Genetics of Lipoprotein(a) in Relation to Coronary Heart Disease

Abstract

Lipoprotein(a), Lp(a), a complex between a low‐density lipoprotein‐like lipid moiety containing apolipoprotein (apo) B, and apo(a), a plasminogen‐derived, carbohydrate‐rich, hydrophilic protein, is one of the most genetically regulated cardiovascular risk factors. For any given population, Lp(a) levels are distributed in a skewed fashion and are strongly impacted by polymorphisms of the LPA gene. The quantitatively most impactful polymorphism results in a variable number of kringle 4 (K4) units, a key motif of apo(a) that predicts Lp(a) levels and has been associated with cardiovascular risk. In addition, other LPA genetic variants impact Lp(a) levels and may contribute to interethnic Lp(a) level variability. Further, it has been suggested that genetic variants beyond the LPA gene may affect Lp(a) levels. Recent studies using Mendelian randomisation approaches have documented an association between Lp(a) and cardiovascular disease and are indicative of a causal relationship.

Key Concepts

  • Lp(a) is a type of plasma lipoprotein synthesised in the liver, and consists of a cholesteryl‐ester‐rich lipid core and one molecule each of two different apolipoproteins, apoB‐100 and apo(a).

  • LPA, the gene encoding apo(a) located on chromosome 6, is evolved from the plasminogen gene during primate evolution, and has repeated triloop structures called kringles (K).

  • Lp(a) levels differ significantly between individuals and ethnicities, and are regulated to a major extent by genetics through the LPA gene.

  • A copy number variation (i.e. apo(a) size polymorphism) in the LPA gene plays an important role in Lp(a) regulation, and smaller apo(a) sizes with fewer K repeats, in general, are associated with higher Lp(a) levels.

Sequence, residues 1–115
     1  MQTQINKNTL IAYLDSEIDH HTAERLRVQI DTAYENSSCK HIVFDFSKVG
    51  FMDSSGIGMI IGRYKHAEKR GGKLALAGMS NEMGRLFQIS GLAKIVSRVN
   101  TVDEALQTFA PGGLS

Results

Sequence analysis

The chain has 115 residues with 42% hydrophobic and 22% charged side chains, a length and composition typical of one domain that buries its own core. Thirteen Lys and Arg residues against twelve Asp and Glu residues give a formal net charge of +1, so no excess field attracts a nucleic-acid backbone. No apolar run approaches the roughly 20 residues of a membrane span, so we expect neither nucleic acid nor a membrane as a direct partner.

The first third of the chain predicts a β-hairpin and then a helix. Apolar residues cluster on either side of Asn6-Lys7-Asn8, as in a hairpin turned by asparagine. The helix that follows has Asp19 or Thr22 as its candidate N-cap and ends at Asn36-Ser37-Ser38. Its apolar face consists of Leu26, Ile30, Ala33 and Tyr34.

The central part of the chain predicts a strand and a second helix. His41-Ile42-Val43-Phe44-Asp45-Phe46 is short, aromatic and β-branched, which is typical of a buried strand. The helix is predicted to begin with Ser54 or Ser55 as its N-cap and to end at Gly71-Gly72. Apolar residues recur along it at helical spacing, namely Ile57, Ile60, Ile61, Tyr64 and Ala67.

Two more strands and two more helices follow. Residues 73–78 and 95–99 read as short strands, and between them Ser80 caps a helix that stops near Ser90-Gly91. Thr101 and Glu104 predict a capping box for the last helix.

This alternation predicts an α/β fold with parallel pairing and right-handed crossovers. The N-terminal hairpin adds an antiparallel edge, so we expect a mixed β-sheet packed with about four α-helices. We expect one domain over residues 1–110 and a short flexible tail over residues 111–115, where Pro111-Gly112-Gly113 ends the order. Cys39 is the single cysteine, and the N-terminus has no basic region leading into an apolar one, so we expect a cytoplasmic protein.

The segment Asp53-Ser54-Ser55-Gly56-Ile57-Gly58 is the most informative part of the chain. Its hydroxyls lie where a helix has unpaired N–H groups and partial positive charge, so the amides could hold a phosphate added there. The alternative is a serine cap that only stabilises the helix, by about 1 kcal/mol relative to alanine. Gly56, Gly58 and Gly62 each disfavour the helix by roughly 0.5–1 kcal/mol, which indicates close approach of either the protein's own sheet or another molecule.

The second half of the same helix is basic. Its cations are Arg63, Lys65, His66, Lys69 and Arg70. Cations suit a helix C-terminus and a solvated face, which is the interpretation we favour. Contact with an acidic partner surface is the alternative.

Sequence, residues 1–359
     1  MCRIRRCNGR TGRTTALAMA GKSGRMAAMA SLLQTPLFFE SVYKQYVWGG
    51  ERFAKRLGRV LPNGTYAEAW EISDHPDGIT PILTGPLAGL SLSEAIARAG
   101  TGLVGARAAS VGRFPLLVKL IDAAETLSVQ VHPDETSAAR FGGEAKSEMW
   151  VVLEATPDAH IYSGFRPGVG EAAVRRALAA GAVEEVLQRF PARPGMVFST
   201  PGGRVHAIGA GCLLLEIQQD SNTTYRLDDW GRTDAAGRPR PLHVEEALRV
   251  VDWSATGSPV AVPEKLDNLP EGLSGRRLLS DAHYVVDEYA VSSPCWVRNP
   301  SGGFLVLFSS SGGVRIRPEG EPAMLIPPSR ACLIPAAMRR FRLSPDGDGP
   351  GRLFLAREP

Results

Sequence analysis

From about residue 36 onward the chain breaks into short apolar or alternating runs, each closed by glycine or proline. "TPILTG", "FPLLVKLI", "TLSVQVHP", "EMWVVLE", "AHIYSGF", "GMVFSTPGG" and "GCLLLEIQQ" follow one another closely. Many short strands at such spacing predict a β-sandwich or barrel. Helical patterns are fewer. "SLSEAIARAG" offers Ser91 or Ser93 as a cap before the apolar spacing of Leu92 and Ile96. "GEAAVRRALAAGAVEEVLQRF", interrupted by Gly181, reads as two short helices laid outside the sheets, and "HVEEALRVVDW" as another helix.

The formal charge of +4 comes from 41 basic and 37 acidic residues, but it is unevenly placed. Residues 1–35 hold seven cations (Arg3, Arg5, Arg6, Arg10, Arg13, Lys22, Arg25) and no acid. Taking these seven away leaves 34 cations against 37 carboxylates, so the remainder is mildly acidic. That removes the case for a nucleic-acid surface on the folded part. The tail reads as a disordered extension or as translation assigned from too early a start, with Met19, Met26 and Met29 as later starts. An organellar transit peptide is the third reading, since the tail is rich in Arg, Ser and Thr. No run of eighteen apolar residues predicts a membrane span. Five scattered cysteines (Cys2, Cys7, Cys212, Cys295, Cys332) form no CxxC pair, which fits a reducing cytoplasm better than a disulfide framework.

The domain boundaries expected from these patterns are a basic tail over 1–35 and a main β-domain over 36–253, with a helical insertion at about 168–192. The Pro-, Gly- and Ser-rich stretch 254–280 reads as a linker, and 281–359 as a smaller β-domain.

• Additionally, some other single‐nucleotide polymorphisms (SNPs) in the LPA gene, as well as in some other non‐LPA genes, have been shown to influence Lp(a) levels.

  • Although the physiological function of Lp(a) is not well understood, its role in the development of atherosclerotic cardiovascular disease is increasingly well documented, and is recognised in clinical guidelines.

  • Lp(a) levels are not appreciably affected by lifestyle improvements (diet, exercise, etc.); however, some nongenetic factors such as hormones, menopausal status, inflammatory burden and immune status have been shown to impact Lp(a) levels.

  • Currently, no drug can specifically and effectively lower high Lp(a) levels, but development of this type of treatment is in progress.

Keywords: LPA gene; polymorphism; apo(a) isoform; kringle; K4 repeats; genetic variants; cardiovascular disease; lipids; risk factors

Figure 1.

Lipoprotein(a) structure. Lp(a) consists of a cholesteryl‐ester‐rich lipid core and one molecule of each apolipoprotein, apoB‐100 and apo(a), which are covalently bound via a disulphide bond. Apo(a) consists of a repeated triloop structure referred to as a kringle (K).There are two different types of kringles, that is, K4 and K5. The K4 domain is further diversified into 10 different subtypes (K41–K410), and of these the K4 type 2 (K42) is present in multiple copies ranging from 3 to more than 40 copies. Abbreviations: Apo, apolipoprotein; n, number and LDL‐R, low‐density lipoprotein receptor.

Figure 2.